The leaf canopy of the katsura tree (Cercidiphyllum japonicum) provides privacy. A ‘Limelight’ hydrangea to the left is underplanted with autumn fern, deer fern, and Japanese forestgrass (Hakonechloa macra ‘Aureola’). Hosta ‘Blue Angel’ anchors the scene.

7 Trees For Small Spaces

Look for bold color and texture when selecting low-stature trees for tight spots. Certain varieties sport intensely hued leaves, erupt in fragrant blossoms, look good year-round, or feature bark that looks interesting during winter months.

1. Katsura Tree

Cercidiphyllum japonicum

The soft-texured, heart-shape leaves (a small version of redbud foliage) emerge bronzy red, mature to blue-green, then become apricot-yellow in fall. Katsura has a medium growth rate and good tolerance for a wide range of soil types, though it doesn’t like drought. One of the best things about katsura is that it releases a caramel scent as its leaves turn colors in autumn, making its surroundings the perfect place to have that last picnic of the season. Zones 4–8.

2. Crabapple

Malus selections

Add spring flair to your landscape with crabapples. There’s a wonderful array available that bears flowers in shades of white, pink, and red; has weeping, rounded, or columnar habits; and produces orange, gold, red, or burgundy fruits. Many varieties offer exceptional fall color and great disease resistance as well. Zones 3–8.

3. Dwarf Alberta Spruce

Picea glauca var. albertiana  ‘Conica’

A favorite for its dense growth, small needles, and nearly perfect cone-shape habit, dwarf Alberta spruce is easily grown. It’s native to areas of North America, too. Zones 3–6.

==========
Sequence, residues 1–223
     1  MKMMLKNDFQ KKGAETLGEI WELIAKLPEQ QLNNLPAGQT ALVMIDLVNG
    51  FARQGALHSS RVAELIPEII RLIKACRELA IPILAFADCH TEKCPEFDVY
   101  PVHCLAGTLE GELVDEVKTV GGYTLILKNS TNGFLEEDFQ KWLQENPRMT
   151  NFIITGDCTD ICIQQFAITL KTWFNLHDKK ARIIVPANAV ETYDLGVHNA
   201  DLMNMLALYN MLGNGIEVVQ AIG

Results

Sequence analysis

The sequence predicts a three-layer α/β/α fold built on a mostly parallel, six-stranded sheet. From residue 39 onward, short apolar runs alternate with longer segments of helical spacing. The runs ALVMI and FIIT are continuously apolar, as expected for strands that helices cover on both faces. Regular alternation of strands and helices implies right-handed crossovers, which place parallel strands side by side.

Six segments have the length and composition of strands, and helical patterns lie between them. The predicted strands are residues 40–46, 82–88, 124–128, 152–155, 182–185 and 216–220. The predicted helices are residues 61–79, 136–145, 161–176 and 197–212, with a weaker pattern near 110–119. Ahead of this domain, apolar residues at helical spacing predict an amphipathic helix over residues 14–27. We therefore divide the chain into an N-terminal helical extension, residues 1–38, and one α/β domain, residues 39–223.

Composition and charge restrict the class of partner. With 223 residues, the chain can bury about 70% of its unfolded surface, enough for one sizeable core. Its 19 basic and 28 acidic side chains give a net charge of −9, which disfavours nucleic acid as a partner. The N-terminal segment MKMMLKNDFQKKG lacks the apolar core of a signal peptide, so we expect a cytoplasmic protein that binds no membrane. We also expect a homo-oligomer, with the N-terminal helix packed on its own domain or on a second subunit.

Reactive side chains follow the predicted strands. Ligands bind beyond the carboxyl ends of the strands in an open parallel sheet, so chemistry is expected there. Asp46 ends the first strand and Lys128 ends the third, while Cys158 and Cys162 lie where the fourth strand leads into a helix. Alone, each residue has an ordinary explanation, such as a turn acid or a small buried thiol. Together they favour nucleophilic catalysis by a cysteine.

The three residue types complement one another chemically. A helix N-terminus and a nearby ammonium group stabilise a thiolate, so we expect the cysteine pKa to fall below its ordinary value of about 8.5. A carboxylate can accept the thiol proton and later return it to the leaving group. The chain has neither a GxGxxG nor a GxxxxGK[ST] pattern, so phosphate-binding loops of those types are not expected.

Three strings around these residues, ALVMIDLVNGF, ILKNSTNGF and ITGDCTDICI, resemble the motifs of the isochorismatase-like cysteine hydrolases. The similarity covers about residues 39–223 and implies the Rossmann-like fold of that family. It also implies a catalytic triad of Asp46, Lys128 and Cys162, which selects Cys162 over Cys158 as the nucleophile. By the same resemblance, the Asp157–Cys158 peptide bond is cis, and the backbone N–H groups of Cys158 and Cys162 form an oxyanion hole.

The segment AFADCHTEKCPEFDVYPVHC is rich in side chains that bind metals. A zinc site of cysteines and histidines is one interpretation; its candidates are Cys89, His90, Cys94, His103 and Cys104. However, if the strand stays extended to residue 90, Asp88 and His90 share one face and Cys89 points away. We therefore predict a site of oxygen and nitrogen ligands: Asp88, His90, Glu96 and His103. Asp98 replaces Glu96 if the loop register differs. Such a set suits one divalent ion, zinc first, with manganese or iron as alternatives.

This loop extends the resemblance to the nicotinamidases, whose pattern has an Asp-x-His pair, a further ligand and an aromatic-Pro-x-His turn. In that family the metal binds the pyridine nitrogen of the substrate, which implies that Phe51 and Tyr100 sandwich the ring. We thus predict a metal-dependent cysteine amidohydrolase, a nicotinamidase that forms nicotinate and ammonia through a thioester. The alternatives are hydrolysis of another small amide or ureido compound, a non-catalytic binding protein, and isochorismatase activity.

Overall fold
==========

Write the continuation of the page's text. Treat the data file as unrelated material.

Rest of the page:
4. Dwarf Blue Spruce

Picea pungens  ‘Montgomery’

Loved for its beautiful silvery blue color, a slow-growing dwarf blue spruce is a good choice for small-space landscapes. Many selections reach no more than 8 feet tall and wide. Zones 3–8.

5. Japanese Stewartia

Stewartia pseudocamellia

A small and lovely tree to appreciate from all angles and in all seasons, the stewartia is remarkably easy to grow. Just provide moist, acidic soil in a location protected by afternoon shade, and enjoy this pest- and disease-free tree. In midsummer, it’s spangled with white, camellialike flowers. Fall foliage deepens to shades of red, gold, or purple. And the peeling trunk bark reveals a mottled pattern of orange and tan that’s always intriguing, especially in winter. Zones 5–8.

6. Mugo Pine

Pinus mugo

Choose pine varieties grown from cuttings to get the desired size and form. (They vary if seed-grown.) Rich green needles stay attractive all year and have a compact mounded habit. Zones 3–7.

7. Japanese Maples

Acer palmatum selections

Few plants are more beautiful than a Japanese maple in its full fall finery. And happily, there are numerous ways to use this little tree in your yard—try it as a specimen in a partly shaded spot, for example, or use it as a focal point in a mixed border. ‘Bloodgood’ is a popular selection with fine-texture burgundy foliage that turns red in autumn; ‘Sango-kaku’ has red branches that stand out after the tree loses its foliage in fall. Zones 5–8.